Saloom v. Holder

Citation158 Ind.App. 177,304 N.E.2d 217
Decision Date18 October 1973
Docket NumberNo. 572A215,572A215
PartiesElizabeth SALOOM, Appellant (Plaintiff Below), v. John R. HOLDER and the City of Indianapolis, Appellees (Defendants Below).
CourtCourt of Appeals of Indiana
R. Davy Eaglefield, III, Barnes, Hickam, Pantzer & Boyd, Indianapolis, for appellant

Charles B. Huppert, Deputy Corp. Counsel, Gary R. Landau, Corp. Counsel, Indianapolis, for appellees.

BUCHANAN, Presiding Judge.


Plaintiff-Appellant Elizabeth Saloom (Saloom) appeals from a judgment entered by the trial court dismissing her action for false imprisonment and arrest against police officer John R. Holder (Holder) and the City of Indianapolis (City) arising out We affirm.

of her arrest under municipal ordinances alleged by Saloom to be unconstitutional.


The facts most favorable to the action taken by the trial court are as follows:

On June 19, 1969, Holder, an Indianapolis city policeman, without a warrant arrested Saloom at her home for taunting a police officer and being a disorderly person, in violation of two Indianapolis city ordinances 1 which provided for imprisonment as a possible penalty. Saloom had committed these offenses in Holder's presence.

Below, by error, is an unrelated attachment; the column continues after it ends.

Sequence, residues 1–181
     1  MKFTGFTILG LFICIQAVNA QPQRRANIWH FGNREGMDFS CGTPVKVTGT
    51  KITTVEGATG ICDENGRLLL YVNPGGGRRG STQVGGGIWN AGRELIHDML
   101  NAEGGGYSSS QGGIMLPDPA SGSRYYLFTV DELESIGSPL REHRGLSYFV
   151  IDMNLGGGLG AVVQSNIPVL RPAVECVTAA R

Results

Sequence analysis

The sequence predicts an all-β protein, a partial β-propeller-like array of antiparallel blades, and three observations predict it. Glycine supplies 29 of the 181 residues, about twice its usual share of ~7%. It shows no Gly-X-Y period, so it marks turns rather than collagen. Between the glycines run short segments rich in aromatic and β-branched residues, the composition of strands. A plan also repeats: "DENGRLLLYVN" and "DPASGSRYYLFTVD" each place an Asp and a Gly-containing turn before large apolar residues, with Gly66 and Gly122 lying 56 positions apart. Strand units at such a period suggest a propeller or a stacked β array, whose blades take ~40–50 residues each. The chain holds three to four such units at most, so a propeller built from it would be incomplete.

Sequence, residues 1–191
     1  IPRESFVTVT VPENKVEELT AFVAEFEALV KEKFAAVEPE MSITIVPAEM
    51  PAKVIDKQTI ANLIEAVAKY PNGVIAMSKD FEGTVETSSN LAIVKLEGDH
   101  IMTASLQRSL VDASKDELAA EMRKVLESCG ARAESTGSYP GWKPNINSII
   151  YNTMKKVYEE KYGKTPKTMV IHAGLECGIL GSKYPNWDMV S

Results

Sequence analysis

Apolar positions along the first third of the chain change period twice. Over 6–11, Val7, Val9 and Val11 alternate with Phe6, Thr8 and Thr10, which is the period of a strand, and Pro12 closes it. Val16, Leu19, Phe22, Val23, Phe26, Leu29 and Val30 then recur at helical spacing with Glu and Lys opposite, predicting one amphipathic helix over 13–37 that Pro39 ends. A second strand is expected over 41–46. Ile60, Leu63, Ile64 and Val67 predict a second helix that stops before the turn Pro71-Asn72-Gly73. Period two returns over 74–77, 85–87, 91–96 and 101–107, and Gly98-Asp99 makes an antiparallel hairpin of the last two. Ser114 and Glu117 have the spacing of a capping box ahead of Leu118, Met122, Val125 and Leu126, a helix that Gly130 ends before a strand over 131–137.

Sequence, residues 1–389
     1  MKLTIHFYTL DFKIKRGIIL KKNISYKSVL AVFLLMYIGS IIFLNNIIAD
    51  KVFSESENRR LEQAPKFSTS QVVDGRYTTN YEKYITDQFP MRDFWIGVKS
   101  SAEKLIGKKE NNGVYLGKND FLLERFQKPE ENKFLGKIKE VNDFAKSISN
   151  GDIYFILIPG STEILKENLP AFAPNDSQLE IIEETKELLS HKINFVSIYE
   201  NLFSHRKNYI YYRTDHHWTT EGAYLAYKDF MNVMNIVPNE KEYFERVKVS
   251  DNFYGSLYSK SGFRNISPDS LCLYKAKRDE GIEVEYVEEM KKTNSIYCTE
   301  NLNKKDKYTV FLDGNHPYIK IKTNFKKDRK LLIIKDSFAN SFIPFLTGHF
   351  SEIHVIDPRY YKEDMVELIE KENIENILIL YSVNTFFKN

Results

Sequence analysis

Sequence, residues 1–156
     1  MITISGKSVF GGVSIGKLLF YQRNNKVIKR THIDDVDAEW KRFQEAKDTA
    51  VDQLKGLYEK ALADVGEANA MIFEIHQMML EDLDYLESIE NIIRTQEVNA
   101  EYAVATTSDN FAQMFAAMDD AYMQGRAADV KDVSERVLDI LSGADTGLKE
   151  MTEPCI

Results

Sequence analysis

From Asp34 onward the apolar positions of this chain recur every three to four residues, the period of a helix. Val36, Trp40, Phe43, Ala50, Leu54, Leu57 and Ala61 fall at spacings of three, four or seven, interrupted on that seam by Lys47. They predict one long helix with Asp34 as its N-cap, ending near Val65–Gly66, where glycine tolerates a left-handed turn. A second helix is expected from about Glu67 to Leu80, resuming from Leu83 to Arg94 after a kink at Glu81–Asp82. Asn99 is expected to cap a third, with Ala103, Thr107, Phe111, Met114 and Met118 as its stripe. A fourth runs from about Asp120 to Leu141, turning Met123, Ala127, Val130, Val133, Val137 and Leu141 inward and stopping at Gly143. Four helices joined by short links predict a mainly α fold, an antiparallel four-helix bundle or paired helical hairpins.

Saloom was taken into custody and detained at the Marion County Jail for a short period until she was released on bail. The record does not show final disposition of these charges against her, although the Complaint alleges a forced expenditure 'for fines imposed as a result of her conviction.'

Saloom subsequently brought this civil action for false imprisonment against Holder and the City. At the close of the pleadings, the parties submitted a Stipulation requesting a ruling upon the constitutionality of these ordinances. Neither the pleadings nor the Stipulation set forth the specific grounds on which the ordinances were claimed to be unconstitutional.

On January 31, 1972, the trial court dismissed Saloom's action for failure to state a claim. Its entry also included certain conclusions of law (erroneously denominated 'findings of law'), i.e., the municipal ordinances for violation of which Saloom was arrested are misdemeanors; the municipal ordinances in question and under which Saloom was arrested are constitutional under the Indiana and United States Constitutions; it was constitutional for the City of Indianapolis to enact municipal ordinances which are misdemeanors imposing imprisonment as a sanction; and that the arrest was lawful and no liability attached to Holder for false imprisonment.